Dr Stephanie Chok, a local academic and volunteer at the Humanitarian Organisation for Migration Economics (HOME), spoke on some of the disturbing revelations from the case of Parti Liyani in an interview with New Naratif on last Friday (2 October).
To recap, Parti Liyani is an Indonesian domestic worker who was formerly employed in the household of former Changi Airport Group chairman, Liew Mun Leong, in 2007. Her employment was terminated in October 2016 and she was sent back to Indonesia.
Two days after abruptly terminating her employment, the Liew family accused Parti of stealing over S$34,000 worth of their possessions. She was arrested at the Changi Airport in December 2016.
Parti had denied the allegations and claimed that the items had been discarded by the Liew family and were meant to be recycled or belonged to her. But she was found guilty and sentenced 26 months of imprisonment by District Judge Olivia Low on 25 March 2019.
The sentence was overturned by Justice Chan Seng Onn, who heard Parti’s appeal, on 4 September. He ruled that the district court had failed to consider several points including the credibility of the testimony of Mr Liew’s son, Karl Liew.
In his judgement, Justice Chan concluded:
“In the above circumstances, I allow Parti’s appeal against all four charges against her. I first observe that in the present case, which involved a voluminous number of items, the proper handling of the evidence by the police and recording of the allegedly stolen items is crucial in order to preserve the chain of custody of the items. Coupled with the existence of an improper motive by members of the Liew family for mounting the allegations against Parti, I find that the convictions against Parti are unsafe and accordingly acquit her of all the charges.”
Subsequently on 8 September, the Attorney General’s Chambers (AGC) withdrew its fifth charge against Parti – which is equivalent to a full acquittal – and said that it will study the judgment on her case due to Justice Chan’s comments on the case.
HOME’s volunteer, Dr Stephanie Chok, said in an interview with New Naratif on 2 October – hosted by historian Thum Ping Jin – that Parti is currently staying in Singapore on a special pass.
Dr Chok was the case manager of HOME when she first took on Parti’s case in 2016. She resigned in 2019 but continued working on the case as a volunteer.
“It is unclear exactly when she will go back to Indonesia as there are still matters to be dealt with. But we hope that she can go back soon. She’s very eager to return to see her mother which she has not seen for almost four years and her mother’s quite elderly,” she said.
Though Dr Chok noted that Parti is “really relieved and happy” about the acquittal, she noted that Parti is “a little bit uncomfortable with the publicity” as people tend to recognize her outside after the case made headlines.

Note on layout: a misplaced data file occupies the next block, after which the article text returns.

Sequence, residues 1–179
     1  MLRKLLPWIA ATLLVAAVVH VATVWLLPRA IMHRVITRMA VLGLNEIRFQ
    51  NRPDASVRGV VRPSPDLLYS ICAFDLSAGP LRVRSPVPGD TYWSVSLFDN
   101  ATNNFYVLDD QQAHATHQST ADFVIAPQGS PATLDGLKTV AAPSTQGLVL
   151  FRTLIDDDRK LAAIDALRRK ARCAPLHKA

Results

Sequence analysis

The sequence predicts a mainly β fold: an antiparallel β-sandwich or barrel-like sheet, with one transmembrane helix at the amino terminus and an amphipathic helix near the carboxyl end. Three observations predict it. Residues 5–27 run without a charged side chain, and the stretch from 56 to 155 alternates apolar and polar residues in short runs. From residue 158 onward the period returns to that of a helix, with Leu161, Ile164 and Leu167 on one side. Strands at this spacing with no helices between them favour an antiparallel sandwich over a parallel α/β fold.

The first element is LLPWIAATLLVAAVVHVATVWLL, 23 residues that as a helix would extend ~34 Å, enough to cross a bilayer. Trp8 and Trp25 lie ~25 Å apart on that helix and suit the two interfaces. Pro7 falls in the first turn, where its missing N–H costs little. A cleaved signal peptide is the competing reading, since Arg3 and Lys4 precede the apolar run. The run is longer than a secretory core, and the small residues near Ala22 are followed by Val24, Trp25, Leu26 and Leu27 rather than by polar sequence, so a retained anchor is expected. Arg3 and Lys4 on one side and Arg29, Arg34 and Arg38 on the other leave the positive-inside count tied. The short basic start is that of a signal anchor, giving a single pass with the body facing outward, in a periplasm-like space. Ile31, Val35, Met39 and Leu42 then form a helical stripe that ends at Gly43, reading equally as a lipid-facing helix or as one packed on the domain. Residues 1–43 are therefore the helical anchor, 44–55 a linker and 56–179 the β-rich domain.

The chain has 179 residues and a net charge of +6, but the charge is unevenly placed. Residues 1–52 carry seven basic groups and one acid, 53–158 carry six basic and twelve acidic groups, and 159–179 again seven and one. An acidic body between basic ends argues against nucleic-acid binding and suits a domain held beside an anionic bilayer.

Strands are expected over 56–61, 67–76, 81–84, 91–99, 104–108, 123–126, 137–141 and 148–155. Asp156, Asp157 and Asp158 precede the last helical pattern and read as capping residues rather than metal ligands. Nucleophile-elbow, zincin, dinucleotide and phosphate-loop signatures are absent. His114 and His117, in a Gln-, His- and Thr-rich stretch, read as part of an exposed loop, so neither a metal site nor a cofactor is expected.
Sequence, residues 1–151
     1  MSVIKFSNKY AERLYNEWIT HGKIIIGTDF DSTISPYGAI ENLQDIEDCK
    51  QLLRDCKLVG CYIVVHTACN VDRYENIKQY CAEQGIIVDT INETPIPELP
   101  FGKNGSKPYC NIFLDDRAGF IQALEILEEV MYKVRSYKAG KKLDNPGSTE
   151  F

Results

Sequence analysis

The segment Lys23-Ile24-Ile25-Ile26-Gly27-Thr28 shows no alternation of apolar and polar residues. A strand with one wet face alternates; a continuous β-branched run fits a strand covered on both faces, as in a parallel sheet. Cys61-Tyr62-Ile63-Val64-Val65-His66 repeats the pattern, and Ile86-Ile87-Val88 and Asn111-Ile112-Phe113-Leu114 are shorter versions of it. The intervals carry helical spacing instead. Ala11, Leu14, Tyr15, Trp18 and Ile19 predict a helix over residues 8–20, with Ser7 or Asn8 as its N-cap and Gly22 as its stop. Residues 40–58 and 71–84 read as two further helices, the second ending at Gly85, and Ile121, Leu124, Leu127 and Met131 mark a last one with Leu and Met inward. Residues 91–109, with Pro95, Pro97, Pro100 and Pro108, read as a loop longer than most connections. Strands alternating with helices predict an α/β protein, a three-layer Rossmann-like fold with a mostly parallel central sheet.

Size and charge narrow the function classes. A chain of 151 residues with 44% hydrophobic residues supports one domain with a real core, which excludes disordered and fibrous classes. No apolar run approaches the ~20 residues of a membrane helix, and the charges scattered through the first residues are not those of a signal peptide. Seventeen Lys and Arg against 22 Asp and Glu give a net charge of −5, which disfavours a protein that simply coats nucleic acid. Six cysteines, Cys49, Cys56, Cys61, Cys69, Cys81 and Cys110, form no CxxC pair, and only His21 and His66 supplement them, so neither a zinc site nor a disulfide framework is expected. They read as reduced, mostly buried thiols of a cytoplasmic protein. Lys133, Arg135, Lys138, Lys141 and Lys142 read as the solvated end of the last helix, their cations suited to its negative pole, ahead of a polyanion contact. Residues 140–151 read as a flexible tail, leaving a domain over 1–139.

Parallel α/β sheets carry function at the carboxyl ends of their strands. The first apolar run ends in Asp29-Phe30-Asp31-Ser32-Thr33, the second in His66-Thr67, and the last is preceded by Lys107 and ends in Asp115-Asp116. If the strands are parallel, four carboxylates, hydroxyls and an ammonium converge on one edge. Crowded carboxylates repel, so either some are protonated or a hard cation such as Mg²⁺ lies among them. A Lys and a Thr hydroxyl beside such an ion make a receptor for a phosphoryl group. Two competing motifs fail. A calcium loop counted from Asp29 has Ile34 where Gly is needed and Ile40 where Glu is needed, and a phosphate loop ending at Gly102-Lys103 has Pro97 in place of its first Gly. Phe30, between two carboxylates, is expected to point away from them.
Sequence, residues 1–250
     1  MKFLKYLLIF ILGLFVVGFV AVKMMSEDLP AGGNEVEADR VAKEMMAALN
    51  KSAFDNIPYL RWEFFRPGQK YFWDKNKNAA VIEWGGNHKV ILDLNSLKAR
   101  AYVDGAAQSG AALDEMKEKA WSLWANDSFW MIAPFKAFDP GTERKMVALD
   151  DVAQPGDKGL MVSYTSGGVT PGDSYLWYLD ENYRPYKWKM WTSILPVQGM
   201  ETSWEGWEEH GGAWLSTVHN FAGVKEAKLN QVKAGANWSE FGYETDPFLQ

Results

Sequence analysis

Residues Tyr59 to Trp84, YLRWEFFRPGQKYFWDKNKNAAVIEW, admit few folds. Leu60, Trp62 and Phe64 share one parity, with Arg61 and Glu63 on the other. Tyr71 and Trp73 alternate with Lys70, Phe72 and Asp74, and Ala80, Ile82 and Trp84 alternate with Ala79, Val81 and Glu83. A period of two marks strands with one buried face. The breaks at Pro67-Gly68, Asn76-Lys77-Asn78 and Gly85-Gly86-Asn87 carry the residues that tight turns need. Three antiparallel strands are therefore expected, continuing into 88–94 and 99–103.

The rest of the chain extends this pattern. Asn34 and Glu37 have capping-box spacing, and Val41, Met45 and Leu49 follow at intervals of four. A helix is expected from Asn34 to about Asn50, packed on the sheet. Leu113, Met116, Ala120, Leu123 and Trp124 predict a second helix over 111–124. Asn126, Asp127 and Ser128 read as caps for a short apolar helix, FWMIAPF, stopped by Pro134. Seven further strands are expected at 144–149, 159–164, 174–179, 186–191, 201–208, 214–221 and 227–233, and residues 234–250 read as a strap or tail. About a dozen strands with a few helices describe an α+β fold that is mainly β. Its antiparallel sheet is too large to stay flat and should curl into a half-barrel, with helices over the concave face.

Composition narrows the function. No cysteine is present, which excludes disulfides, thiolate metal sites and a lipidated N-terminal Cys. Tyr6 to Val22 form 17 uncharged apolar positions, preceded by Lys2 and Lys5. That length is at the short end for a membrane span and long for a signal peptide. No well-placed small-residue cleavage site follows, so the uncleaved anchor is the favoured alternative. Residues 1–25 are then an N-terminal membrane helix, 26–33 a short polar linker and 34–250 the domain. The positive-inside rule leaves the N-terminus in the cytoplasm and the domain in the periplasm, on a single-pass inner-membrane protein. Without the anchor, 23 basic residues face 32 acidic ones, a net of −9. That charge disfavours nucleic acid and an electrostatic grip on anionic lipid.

During the interview with New Naratif, she shared some of the disturbing revelations from the case of Parti Liyani.
“It’s extremely baffling and aggravating to have watched this unfold over the last three years and nine months,” she remarked.
Dr Chok made it clear that her sharing is just based on the notes of evidence, and that she was not allowed to attend the trial until she was called to attend as the defence counsel’s expert witness at some point.
“What I’m sharing is from the notes of evidence. Of course, I was kept up-to-date by what was happening on a day-to-day basis, but there were a lot of things that were revealed in the court that were extremely disturbing.”
Parti was not aware of the police report until she was arrested
She recalled how Parti was arrested in Changi Airport in 2016 and ended up being housed in HOME since then.
Dr Chok said Parti was not aware of the police report filed against her until she was arrested at Changi Airport on 2 December 2016.
“The first time she was interviewed by the police is after she was arrested. She was really confused, shaken, shocked and upset, and they interviewed her without the items physically there in front of her.”
She added that Parti does not have any photographs of the items, and she was asked by the police based on the “verbal descriptions” of what the Liew family have accused her of stealing.
It was only after the arrest of Parti that the Investigating Officer (IO) realized that she didn’t have the alleged stolen items with her, and then decided to visit Mr Liew’s house.
In August 2017, Parti was issued a cautioned statement by the police.
“We knew that the decision then was to clean trial because she said that she was innocent and that she didn’t do it.”
Dr Chok, who was HOME’s case manager at the time, reached out to defence lawyer Anil Balchandani of Red Lion Circle and requested him to represent Parti. He then became her pro-bono defence counsel.
She added that Mr Anil was “on his own” in his firm Red Lion Circle, and that he needed “a lot of support” in handling the case.
“So it was really at all times a team of persons. There’s no way something like this could be done by a single person. Anil led the team with instructions from Parti, but we all work together.”
When Dr Chok was asked on whether the team felt despair when losing the first trial, or if they ever wanted to give up, Dr Chok said: “Despair, yes. Wanted to give up, no. Never.”
“Our main concern was [Parti]’s well-being and whether or not she had the emotional strength to continue, we would not have faulted her if she didn’t,” she added.
Parti Liyani was interviewed by the police without an interpreter
Dr Chok also highlighted that Parti was interviewed by the police with no interpreter present.
After the police visited the Liew family’s house on 3 December 2016, she was called for another questioning at 1.44 am on 4 December 2016. The interview lasted for four hours, in which the statement was recorded in English and read back to her in Malay.
“She was asked 108 questions just based on black and white photocopies of the photographs and these two police statements were adduced in court by the prosecutors to try and impeach her credibility,” said Dr Chok.
When the IO testified in court, he argued that Parti understands both Malay and English languages.